Attempted murder suspect Aafia Siddiqui spoke in her own defense today — and this time she wasn't thrown out of court. Though her attorneys have argued the outburst-prone Pakistani neuroscientist suffers from "diminished capacity," exhibits "conduct [that] cannot be contained" and would use her time on the stand to "turn the proceeding into a spectacle," the judge allowed her to take the stand in a hearing to determine if certain evidence will be admissible in court, and if she is fit to testify in front of jurors.
Siddiqui is accused of shooting at U.S personnel in Afghanistan in 2008 who wanted to question her about weapon-making notes and a list of terror targets reportedly found in her possession. She was wounded in the shootout and treated at a military hospital, which she described today as "pure psychological, emotional torture," according to the Times. "I thought it was a continuation of what had been done to me in my secret prison history," she added, referring to her claim that she has actually been held in secret prisons for several years.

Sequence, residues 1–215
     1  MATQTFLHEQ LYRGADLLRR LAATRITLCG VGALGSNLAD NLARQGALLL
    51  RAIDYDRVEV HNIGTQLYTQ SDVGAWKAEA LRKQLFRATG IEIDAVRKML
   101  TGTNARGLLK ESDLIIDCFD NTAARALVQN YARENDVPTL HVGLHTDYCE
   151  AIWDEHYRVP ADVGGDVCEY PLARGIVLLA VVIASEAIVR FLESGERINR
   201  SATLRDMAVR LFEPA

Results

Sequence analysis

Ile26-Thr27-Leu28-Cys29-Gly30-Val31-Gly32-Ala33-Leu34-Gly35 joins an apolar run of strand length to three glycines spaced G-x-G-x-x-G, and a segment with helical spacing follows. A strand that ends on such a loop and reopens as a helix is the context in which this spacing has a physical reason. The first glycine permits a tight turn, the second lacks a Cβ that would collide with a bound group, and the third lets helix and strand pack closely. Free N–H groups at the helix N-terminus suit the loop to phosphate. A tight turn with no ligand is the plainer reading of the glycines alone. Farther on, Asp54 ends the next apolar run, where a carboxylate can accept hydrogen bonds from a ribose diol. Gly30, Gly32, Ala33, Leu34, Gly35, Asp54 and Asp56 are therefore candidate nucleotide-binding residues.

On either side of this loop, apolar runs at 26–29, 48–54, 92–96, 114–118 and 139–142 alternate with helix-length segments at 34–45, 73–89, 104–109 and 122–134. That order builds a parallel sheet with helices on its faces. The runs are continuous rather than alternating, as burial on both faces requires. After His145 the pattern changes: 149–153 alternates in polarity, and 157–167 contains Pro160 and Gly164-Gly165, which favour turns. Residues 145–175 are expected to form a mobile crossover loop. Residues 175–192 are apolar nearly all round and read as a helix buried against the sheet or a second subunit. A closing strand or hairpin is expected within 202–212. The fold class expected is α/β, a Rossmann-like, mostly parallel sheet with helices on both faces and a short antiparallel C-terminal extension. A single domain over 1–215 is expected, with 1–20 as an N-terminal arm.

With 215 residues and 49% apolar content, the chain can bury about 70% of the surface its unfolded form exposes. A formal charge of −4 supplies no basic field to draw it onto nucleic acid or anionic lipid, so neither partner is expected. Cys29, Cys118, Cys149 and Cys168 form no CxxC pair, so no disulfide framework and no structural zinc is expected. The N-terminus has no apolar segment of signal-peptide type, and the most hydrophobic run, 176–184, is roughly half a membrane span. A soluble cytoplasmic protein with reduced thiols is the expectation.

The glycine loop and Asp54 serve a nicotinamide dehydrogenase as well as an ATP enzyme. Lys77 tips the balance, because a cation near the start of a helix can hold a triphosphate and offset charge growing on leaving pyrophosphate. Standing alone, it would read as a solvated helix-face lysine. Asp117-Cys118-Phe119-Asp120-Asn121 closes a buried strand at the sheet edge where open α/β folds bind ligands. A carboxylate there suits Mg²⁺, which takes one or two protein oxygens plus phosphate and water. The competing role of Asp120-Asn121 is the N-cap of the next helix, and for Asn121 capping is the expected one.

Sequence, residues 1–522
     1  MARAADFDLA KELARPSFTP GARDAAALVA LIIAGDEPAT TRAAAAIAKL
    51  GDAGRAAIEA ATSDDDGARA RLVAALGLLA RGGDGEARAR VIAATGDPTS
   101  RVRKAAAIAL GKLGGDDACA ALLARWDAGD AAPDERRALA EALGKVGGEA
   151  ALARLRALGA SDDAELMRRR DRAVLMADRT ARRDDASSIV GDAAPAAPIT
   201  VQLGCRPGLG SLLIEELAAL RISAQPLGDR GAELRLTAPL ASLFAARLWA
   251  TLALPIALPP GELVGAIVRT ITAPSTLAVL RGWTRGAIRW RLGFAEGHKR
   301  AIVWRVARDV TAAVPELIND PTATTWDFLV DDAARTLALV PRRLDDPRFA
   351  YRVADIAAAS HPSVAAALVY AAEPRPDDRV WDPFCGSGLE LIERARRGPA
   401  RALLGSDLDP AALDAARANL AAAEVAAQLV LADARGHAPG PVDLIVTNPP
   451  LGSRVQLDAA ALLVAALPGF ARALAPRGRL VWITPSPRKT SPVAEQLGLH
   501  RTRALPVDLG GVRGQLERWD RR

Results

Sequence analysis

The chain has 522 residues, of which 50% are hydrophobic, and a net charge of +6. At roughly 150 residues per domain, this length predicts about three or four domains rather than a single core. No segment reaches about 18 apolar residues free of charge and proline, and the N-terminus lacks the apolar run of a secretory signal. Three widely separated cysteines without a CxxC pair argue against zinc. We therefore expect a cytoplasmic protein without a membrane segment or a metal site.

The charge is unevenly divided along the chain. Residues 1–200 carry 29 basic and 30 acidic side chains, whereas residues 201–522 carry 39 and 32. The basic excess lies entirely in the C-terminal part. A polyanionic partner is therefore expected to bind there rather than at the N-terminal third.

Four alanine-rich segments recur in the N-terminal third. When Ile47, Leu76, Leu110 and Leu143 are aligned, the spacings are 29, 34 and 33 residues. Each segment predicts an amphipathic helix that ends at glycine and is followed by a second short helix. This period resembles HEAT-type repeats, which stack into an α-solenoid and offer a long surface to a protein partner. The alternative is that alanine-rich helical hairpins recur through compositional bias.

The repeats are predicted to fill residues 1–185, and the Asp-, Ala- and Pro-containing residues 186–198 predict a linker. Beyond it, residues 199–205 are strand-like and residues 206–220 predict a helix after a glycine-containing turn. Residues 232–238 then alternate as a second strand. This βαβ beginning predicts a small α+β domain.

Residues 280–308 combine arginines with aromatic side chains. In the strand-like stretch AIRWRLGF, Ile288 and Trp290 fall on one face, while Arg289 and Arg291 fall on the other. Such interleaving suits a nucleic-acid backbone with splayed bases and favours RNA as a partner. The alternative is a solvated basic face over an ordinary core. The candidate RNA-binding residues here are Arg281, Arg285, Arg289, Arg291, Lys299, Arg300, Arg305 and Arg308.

In an attempt to show that Siddiqui was treated well in the hospital, a prosecutor mentioned her relationship with an F.B.I. special agent. Siddiqui said the agent might have seemed pleasant, but really wasn't. "I consider everyone a nice person unless they give me a reason to think otherwise," said Siddiqui, who then nodded in the prosecutor's direction. "I think you're a nice person, too. Why are you not a nice person?" According to the Daily News, the judge is expected to decide today if statements Siddiqui made in the hospital can be used as evidence, and if she'll be allowed to testify in front of jurors.